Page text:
Moving back is a practice in keeping your eyes in your head. I was twitchy with anticipation before my own return to St. Louis, and I want to reassure the reader those sort of emotions were well founded.

Before the move you might find your thoughts fogged with regret and hope. I promise your current true friendships will remain sound, and a marshmallowy cushion will fill the space that lost time and distance create. You're all going to be alright.

When you come back you will be reacquainted with people you are certain you've never seen before, others you're not sure what impression you left with. Don't take these idiots for granted, some of them grew up and some of them grew teeth. Usually you've guessed wrong.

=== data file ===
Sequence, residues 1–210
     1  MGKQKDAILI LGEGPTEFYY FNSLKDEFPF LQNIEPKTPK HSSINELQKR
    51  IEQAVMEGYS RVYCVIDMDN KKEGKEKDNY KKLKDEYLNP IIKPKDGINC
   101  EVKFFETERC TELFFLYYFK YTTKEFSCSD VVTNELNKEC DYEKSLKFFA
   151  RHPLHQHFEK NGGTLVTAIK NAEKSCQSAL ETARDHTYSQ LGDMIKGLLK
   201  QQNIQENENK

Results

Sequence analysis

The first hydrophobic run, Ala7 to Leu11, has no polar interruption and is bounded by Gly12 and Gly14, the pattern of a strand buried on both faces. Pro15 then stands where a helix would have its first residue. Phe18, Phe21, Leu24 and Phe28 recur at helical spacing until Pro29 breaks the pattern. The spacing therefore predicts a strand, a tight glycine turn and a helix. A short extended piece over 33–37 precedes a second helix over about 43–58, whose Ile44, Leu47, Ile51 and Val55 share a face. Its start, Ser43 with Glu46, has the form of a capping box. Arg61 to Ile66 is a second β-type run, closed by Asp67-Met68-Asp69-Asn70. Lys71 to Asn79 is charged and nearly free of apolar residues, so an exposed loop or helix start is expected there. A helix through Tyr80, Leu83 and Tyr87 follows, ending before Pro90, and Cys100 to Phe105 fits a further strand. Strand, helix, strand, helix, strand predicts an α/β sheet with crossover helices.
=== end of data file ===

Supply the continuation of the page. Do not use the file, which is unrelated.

Still, your instincts will be razor sharp at this turn in your life. Trust them unflinchingly, it's more fun that way. In no time your social dis-ease will melt away. Stay curious.

Go hang out with mom, once every 2 weeks. You really do miss her.

When you return, find an unfamiliar part of town that reminds you dearly of
the place you just left. Visit on the seasonal days and make phonecalls to the ol' gang. Bring a newspaper and 2 cigarettes.

Get the fuck back out of town. Frequent weekend trips anywhere are a staying remidy against snap-judgement cynicism.

You'll need to find a job. Don't be picky, and don't wait too long. Disorientation can accompany major shifts in life, mind that your lifestyle does not protract during this time of transition. You were never that motivated: many hours of the day you need to be told what to do for the sake of your own sanity.